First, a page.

Top positive review
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Beautiful things in small packages
on 10 March 2015
It's true what they say, beautiful things do come in small packages. 'On Chesil Beach' is an exquisite little work of art of many layers. Unlike other readers, I am perfectly content with its size (easier to force on my students, they invariably grumble at the sight of large books!) Yes, the final pages do go on for a bit and seem disjointed from the rest (and scope) of the story, until the very, very end when we finally get it - and realize that every addition which seemed superfluous was in fact necessary. Although it's a heart-breaker, I will happily read it again and again.
'On Chesil Beach' does a fantastic job at transcending its time, at making a point which remains just as valid years and years later. Once we finish reading and start thinking, we realize this obviously is a sad story about lack of communication, NOT lack of sexual experience or lack of love as such. The 1960s setting, the virgin newlyweds and their tale, are here to subtly and masterfully develop an altogether different, much grander theme: the way we seem to avoid at all cost telling the truth about our own feelings, and the repercussions of such avoidance. Nothing to do with the 1960s; today we can all still relate to this, we're all still doing it in 2015 and we will be doing the same probably for generations to come - because we've been brought up in the 'stiff upper lip' tradition, or because we're afraid we'll to look foolish, or hurt the other person; or because we simply don't know how to communicate effectively. That's why, for me, 'On Chesil Beach' packs such a complex punch. It shows how easy it is to misunderstand and mis-communicate, even in the most loving of relationships (thus, by extension, it also questions the definition of love...) and how easy it is to fall into this trap even if you're otherwise very good with words, ie highly educated like the characters are. So the meanings we can extract from this book go way beyond the confines of its 1960s context and the story itself.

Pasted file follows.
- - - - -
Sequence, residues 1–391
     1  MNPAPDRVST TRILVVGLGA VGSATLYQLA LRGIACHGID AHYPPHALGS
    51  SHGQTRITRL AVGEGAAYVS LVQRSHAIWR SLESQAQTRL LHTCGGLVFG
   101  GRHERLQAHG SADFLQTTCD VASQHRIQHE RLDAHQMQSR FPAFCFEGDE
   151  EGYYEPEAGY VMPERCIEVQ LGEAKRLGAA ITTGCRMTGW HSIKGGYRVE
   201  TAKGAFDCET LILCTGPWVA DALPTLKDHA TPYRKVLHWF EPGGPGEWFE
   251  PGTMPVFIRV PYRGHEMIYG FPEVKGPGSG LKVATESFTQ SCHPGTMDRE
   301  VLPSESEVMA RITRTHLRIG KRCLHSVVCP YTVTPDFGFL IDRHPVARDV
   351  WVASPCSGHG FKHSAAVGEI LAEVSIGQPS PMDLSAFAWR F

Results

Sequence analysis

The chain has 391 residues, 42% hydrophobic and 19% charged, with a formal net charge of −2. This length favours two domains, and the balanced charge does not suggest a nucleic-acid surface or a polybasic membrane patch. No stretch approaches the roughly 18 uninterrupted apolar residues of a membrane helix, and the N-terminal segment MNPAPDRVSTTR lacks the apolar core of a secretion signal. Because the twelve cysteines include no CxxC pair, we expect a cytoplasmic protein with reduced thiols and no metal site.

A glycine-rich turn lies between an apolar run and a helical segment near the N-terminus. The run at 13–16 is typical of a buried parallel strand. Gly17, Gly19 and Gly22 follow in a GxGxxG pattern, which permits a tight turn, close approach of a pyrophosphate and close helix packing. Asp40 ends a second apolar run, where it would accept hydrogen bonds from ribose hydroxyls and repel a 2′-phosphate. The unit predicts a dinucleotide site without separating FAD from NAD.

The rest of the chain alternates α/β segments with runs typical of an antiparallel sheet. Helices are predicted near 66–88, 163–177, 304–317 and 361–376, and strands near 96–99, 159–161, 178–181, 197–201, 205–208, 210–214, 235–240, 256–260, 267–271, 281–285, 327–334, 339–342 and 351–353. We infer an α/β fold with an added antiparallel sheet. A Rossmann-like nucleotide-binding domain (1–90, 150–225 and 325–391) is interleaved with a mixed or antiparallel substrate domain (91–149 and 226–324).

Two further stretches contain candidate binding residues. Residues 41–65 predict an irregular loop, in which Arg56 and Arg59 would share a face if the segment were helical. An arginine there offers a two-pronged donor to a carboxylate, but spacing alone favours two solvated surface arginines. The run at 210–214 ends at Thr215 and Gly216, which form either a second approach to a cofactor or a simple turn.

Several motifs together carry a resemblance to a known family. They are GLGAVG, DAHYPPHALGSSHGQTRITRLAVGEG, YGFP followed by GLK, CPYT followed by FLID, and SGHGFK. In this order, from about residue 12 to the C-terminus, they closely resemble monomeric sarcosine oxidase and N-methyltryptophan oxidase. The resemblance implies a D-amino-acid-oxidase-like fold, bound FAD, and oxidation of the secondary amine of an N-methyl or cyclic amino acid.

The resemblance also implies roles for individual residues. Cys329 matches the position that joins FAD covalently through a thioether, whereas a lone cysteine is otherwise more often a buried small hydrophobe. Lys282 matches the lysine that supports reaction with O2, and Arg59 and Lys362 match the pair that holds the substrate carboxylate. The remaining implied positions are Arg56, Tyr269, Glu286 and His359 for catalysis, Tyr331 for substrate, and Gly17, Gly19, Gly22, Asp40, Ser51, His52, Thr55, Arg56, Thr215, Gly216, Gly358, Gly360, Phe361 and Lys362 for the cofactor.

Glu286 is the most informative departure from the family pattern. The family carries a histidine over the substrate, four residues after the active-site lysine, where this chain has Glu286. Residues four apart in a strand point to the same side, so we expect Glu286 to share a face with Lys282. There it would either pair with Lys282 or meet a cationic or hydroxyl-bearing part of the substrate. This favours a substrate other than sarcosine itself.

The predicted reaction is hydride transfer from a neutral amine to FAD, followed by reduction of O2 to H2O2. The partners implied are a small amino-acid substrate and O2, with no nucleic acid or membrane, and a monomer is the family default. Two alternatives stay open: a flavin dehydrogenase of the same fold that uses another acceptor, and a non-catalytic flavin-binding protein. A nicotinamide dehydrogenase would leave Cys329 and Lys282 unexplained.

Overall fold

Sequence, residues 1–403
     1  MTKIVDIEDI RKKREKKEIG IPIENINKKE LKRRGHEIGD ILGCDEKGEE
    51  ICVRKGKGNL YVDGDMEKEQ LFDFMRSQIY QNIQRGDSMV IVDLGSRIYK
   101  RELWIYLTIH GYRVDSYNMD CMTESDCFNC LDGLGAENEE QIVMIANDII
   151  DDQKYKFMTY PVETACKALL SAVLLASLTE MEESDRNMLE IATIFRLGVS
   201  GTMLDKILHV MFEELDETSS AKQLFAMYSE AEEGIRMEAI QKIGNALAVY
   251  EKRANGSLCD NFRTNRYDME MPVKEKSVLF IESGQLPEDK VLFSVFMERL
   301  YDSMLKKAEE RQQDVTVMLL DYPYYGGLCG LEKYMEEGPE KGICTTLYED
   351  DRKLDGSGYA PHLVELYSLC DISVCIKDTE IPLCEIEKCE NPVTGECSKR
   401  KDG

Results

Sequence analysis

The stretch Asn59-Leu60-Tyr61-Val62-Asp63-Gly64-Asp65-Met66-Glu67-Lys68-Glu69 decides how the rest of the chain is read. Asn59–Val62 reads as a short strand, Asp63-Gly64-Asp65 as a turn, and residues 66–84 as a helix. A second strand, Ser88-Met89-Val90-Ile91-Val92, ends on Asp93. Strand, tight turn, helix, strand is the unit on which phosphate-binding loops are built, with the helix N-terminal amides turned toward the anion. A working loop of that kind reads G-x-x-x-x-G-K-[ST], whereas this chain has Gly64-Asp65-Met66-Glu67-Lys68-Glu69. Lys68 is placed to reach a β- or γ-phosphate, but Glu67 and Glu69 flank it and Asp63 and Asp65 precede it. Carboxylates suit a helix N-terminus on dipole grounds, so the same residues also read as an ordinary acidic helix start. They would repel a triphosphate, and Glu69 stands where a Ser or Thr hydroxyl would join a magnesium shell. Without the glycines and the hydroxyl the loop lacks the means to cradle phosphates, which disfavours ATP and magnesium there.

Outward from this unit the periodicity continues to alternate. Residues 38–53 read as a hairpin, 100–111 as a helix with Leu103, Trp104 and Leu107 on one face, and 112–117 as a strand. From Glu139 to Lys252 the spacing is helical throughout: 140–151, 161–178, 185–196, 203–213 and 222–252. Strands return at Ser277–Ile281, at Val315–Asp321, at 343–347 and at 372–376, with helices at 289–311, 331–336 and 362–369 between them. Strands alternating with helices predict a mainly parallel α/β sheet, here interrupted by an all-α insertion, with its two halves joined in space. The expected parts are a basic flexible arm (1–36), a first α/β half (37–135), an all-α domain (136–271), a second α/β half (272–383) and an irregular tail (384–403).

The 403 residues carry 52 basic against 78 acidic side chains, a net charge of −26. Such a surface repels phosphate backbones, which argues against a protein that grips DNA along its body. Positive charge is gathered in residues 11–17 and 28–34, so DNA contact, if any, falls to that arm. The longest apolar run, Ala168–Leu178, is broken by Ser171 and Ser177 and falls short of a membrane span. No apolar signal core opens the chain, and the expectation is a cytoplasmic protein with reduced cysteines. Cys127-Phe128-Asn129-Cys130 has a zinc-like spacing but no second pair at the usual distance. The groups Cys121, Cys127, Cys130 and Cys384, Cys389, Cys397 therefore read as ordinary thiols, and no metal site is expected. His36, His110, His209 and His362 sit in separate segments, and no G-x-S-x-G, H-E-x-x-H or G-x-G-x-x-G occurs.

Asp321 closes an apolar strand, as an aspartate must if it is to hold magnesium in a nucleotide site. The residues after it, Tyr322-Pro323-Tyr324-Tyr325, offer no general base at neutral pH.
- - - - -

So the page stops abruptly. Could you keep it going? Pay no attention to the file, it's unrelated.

I won't even bother with praise for the superb structure, writing, psychological observation. Ian McEwan at his best.